To coincide with updates in healthcare language, architecture and interior design professionals are updating the way they design mental and behavioral health facilities. One primary area of focus is implementing clear and inviting interior, exterior, and wayfinding signage. Designers should work to consider the sensory reaction to a space. Typically, people experiencing mental or behavioral health issues are either hyper-sensitive to their environment or have sensory impairment. Design considerations are important, such as how welcoming each space is, what the path of travel from the parking lot to the reception area looks like, the design of corridor circulation, and dignity/privacy versus security and safety within patient rooms. Designers can employ several design strategies to make patients and clients feel welcome, including:
- Normalized ligature-resistant furniture, fixtures, and equipment
- Appropriate acoustics in all facility spaces
- Warm, natural, and stress-reducing materials and finishes that can be easily sanitized
- Expansive windows/daylighting
- Connection to nature, including gardens, walking paths, and natural features
- LED lighting with options for individualized control/circadian rhythm programming
Additionally, one growing design innovation is to create sensory spaces for patients and staff to relax and decompress or proactively excuse themselves. These spaces are used for mindfulness, not for isolation or punitive institutional actions. Sensory spaces typically have soothing colors, artwork, comfortable furniture or materials, changeable light settings and colors, music, and some include water soundtracks or monitors with guided decompression or breathing exercises.
Embracing the Approach in a New Facility
Our team is currently designing the New Psychiatric Hospital in Tulsa, Oklahoma, which will be a leading crisis center in the area. The Oklahoma Department of Mental Health and Substance Abuse Services is embracing a design approach that reduces the stigma surrounding mental health. This facility is being designed so that spaces feel warm and welcoming for their patients. Ideally, as patients become more comfortable and trusting of their environment, they will open more fully to their treatment plans and actions.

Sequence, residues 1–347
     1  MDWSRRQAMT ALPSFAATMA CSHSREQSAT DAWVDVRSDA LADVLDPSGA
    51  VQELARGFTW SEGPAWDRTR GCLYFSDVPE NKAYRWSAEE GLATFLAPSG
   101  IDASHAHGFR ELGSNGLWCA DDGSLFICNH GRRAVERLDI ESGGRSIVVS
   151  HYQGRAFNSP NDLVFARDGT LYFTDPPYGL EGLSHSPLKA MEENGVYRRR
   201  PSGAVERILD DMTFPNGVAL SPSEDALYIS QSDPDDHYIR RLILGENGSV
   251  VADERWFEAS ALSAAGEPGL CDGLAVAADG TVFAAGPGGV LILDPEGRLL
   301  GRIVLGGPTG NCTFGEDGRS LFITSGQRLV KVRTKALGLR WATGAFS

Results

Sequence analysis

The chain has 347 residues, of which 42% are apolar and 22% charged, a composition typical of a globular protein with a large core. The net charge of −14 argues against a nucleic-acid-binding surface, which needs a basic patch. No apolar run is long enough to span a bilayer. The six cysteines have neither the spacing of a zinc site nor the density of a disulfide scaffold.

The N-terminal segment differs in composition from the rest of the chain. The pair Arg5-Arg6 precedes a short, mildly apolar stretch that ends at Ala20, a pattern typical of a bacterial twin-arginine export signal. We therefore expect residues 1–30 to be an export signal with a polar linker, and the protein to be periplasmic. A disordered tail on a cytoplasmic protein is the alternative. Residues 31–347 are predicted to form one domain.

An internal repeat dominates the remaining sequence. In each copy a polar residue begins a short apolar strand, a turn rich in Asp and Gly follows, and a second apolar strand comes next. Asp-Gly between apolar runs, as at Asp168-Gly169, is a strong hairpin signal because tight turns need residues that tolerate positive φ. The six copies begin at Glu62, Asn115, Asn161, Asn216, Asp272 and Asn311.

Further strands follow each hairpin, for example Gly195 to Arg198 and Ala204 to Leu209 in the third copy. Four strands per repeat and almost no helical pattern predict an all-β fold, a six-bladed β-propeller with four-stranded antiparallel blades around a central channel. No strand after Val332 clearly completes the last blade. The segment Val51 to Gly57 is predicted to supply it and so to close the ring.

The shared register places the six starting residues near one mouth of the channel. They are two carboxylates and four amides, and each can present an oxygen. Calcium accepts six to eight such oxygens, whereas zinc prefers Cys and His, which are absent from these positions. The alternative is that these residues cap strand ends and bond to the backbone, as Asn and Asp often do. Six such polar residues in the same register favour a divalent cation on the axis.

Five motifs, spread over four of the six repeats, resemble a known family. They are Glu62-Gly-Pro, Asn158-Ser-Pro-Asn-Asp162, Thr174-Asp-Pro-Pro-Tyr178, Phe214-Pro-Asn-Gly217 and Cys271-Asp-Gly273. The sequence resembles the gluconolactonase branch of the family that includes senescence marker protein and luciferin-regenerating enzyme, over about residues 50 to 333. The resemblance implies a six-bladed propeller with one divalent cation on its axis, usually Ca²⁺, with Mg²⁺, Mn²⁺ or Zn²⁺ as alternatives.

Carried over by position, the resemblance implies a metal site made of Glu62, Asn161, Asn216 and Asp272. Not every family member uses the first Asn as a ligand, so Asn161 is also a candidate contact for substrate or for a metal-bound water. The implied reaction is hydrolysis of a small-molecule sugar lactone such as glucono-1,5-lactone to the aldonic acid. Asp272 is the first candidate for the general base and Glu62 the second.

Rethinking the Way We Think and Communicate About Healthcare
The U.S. mental or behavioral healthcare system is slowly adapting to the modern world, but there is still much to be done. Changing how we look at mental health and behavioral health patients, updating our language and terminology, and improving our design strategies will have a profound impact on both the patient/client experience and their recovery process. When we speak with dignity for others, we offer them respect and value and support our vulnerable populations.
Brooke Martin, AIA, NCARB, CCHP, LEED Green Associate, an associate and project manager based in Dewberry’s Peoria, Illinois, office, has 17 years of experience. She has a passion for justice architecture, and focuses on supportive, trauma-informed, intentionally humane design that supports positive, treatment-focused outcomes within skill-building and learning environments and integrating functions that fit within a community’s continuum-of-care. Martin can be reached at firstname.lastname@example.org.
Cassey Franco, AIA, LEED AP, is a senior architect based in Dewberry’s Tulsa, Oklahoma, office, has nearly 30 years of experience in design of healthcare facilities. She works to bring functionality, constructability, and aesthetics to her projects and has a passion for implementing transformative designs for restorative outcomes. Franco can be reached at email@example.com.
For more information, visit www.dewberry.com.